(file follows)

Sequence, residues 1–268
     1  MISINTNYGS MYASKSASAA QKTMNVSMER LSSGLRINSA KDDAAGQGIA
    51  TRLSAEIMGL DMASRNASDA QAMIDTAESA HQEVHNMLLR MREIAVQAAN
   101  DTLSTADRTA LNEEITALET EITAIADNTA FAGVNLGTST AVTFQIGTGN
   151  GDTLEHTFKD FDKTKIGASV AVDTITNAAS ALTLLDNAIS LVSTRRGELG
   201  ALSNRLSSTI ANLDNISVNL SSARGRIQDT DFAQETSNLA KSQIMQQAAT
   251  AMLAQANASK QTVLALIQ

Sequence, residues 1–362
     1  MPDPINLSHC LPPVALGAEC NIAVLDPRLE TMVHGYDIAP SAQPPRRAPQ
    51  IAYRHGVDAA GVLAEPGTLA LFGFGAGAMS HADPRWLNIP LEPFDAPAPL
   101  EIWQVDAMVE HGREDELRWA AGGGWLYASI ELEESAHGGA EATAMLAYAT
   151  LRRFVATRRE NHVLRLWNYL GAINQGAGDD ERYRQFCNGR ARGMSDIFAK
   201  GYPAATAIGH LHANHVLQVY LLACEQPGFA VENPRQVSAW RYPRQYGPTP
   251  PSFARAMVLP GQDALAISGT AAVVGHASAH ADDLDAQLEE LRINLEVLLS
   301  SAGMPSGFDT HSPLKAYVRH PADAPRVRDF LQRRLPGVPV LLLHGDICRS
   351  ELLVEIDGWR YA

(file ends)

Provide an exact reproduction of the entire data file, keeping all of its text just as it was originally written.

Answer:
Sequence, residues 1–268
     1  MISINTNYGS MYASKSASAA QKTMNVSMER LSSGLRINSA KDDAAGQGIA
    51  TRLSAEIMGL DMASRNASDA QAMIDTAESA HQEVHNMLLR MREIAVQAAN
   101  DTLSTADRTA LNEEITALET EITAIADNTA FAGVNLGTST AVTFQIGTGN
   151  GDTLEHTFKD FDKTKIGASV AVDTITNAAS ALTLLDNAIS LVSTRRGELG
   201  ALSNRLSSTI ANLDNISVNL SSARGRIQDT DFAQETSNLA KSQIMQQAAT
   251  AMLAQANASK QTVLALIQ

Sequence, residues 1–362
     1  MPDPINLSHC LPPVALGAEC NIAVLDPRLE TMVHGYDIAP SAQPPRRAPQ
    51  IAYRHGVDAA GVLAEPGTLA LFGFGAGAMS HADPRWLNIP LEPFDAPAPL
   101  EIWQVDAMVE HGREDELRWA AGGGWLYASI ELEESAHGGA EATAMLAYAT
   151  LRRFVATRRE NHVLRLWNYL GAINQGAGDD ERYRQFCNGR ARGMSDIFAK
   201  GYPAATAIGH LHANHVLQVY LLACEQPGFA VENPRQVSAW RYPRQYGPTP
   251  PSFARAMVLP GQDALAISGT AAVVGHASAH ADDLDAQLEE LRINLEVLLS
   301  SAGMPSGFDT HSPLKAYVRH PADAPRVRDF LQRRLPGVPV LLLHGDICRS
   351  ELLVEIDGWR YA